This is the story of a spiritual journey of a man living in India and Nepal at the time of the Buddha. It is absolutely not my thing at all, but when it came up as a book group choice I was pleased because I have been curious about it. It was written in 1922 but it could have been written two hundred years ago, or last week, it is a timeless story.
Our protagonist, Siddhartha goes on a journey of self-discovery. He leaves behind his home and possessions and goes off to seek enlightenment. He gets distracted along the way and has lots of sex and accrues lots of wealth, then he remembers what he was supposed to be doing, leaves all that behind and goes to live in a shack for a while. There are several Siddharthas. The young naïve one, the rich one living a luxurious lifestyle, the humble ferryman, the father, the enlightened one. I like this observation, we all go through stages in our lives, and gain knowledge and wisdom about who we are as we go.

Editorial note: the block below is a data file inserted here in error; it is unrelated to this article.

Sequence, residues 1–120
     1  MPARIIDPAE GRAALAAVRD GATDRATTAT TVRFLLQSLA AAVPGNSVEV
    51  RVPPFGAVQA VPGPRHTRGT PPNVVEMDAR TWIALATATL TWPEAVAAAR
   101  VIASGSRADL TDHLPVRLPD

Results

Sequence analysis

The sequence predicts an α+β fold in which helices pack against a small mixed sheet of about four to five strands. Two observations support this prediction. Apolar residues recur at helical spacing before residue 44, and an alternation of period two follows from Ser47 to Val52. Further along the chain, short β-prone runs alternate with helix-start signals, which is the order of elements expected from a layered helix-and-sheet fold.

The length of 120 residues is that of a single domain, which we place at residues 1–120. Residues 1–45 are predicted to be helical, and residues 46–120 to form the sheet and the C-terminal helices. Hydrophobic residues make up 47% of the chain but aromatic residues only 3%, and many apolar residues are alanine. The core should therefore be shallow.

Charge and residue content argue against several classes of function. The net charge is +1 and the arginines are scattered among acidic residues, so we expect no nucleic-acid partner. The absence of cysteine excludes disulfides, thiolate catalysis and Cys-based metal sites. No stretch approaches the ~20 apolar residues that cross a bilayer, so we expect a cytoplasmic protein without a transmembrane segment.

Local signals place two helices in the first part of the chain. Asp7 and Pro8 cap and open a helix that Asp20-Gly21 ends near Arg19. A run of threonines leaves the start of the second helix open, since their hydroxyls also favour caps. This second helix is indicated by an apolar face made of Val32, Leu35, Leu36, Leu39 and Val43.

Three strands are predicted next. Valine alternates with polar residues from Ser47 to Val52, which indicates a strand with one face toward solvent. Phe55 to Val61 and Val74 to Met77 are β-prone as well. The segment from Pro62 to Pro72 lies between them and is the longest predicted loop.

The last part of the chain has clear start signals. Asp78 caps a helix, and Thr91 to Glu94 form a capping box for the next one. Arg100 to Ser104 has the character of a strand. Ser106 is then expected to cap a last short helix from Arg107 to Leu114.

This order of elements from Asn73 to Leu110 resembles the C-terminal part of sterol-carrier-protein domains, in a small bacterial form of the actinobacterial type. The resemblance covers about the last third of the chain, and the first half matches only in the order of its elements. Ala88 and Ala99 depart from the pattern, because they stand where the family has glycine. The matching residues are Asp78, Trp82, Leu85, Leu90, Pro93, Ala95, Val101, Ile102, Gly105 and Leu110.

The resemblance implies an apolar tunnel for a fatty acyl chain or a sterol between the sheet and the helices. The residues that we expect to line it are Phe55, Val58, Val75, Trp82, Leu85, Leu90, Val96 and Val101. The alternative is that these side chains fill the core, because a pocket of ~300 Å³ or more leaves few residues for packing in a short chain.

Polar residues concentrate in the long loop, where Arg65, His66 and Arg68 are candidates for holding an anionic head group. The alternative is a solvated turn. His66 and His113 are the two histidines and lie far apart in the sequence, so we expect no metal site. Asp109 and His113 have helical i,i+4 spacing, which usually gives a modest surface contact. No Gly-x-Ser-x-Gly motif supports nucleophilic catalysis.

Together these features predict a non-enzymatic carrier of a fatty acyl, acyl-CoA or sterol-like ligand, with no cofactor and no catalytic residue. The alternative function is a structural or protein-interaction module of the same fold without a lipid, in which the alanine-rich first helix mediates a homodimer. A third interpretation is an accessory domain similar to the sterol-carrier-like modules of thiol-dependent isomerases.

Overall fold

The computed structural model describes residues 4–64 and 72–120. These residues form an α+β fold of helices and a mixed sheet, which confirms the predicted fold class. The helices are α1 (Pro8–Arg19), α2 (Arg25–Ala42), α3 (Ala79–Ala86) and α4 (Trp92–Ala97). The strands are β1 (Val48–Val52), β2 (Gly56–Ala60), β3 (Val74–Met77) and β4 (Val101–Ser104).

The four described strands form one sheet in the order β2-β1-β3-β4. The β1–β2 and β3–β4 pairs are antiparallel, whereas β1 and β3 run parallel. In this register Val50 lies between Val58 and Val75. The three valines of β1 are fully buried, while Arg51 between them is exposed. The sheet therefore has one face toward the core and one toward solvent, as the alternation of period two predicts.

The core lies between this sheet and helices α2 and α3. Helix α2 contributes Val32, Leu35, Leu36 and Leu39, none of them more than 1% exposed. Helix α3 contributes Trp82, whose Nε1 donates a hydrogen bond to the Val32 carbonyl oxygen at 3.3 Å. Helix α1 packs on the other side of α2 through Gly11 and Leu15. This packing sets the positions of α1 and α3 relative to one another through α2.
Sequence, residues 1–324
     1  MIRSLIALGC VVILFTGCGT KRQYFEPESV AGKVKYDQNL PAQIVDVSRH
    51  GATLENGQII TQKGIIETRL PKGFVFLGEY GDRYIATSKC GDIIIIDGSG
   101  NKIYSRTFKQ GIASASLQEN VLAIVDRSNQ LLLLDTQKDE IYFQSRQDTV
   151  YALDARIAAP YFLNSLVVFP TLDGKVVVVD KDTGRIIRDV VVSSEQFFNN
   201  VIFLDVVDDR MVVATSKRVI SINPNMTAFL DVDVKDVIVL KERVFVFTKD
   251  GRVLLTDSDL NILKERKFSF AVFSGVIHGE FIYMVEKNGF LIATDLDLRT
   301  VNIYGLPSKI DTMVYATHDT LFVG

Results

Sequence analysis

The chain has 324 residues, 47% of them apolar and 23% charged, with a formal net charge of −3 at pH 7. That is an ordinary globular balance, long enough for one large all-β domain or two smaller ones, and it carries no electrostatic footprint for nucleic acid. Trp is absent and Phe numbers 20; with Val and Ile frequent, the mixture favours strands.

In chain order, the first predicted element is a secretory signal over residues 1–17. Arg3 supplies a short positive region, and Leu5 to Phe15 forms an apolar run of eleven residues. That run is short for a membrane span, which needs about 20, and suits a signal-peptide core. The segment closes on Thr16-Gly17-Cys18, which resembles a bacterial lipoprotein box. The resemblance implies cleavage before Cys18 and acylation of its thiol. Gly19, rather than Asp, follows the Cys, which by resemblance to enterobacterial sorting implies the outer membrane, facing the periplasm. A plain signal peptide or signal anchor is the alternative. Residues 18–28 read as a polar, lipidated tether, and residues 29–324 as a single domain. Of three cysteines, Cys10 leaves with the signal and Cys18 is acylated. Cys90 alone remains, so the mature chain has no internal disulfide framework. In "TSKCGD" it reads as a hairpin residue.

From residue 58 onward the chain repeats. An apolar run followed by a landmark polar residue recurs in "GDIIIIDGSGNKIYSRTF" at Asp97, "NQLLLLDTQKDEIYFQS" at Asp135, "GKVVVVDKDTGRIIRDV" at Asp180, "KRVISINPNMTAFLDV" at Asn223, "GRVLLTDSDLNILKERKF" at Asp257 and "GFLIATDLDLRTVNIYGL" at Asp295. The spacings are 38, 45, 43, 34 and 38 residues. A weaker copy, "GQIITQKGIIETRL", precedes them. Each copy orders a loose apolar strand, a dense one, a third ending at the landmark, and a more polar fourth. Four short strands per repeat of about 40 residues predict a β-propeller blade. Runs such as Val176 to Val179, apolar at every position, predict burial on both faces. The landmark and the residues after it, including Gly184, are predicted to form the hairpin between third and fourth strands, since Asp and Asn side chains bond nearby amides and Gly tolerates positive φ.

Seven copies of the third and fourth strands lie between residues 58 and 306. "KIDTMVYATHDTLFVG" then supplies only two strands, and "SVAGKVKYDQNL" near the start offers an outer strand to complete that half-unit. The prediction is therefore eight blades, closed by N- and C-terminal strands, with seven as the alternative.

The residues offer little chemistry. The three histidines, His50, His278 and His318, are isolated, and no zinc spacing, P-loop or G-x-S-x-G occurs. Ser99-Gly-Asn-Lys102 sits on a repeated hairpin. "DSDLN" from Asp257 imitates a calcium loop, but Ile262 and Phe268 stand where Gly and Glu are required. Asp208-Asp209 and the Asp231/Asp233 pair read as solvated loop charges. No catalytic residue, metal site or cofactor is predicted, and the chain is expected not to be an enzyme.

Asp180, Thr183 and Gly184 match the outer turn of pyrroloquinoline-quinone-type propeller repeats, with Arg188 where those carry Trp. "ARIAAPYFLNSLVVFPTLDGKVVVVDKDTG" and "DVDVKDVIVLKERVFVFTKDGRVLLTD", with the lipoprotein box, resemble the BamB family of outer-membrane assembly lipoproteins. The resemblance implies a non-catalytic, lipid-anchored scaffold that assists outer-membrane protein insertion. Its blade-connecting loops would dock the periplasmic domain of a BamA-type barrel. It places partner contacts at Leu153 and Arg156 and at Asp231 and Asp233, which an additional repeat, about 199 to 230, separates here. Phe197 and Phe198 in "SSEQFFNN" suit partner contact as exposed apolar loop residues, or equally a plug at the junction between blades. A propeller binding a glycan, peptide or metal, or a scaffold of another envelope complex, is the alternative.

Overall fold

Siddhartha and his mate Govinda seem to work so hard to achieve this enlightenment, yet the ferryman who Siddhartha lives with for a while seems to be just the type of person who just seems to have life figured out without really trying. There are always people like that in life.
As a story it is far from genius, there are more than a few unlikely coincidences. But this is more of a vehicle for Hesse’s philosophy. Something about everything being everything and time being just a concept, or something. Like I said, not my thing.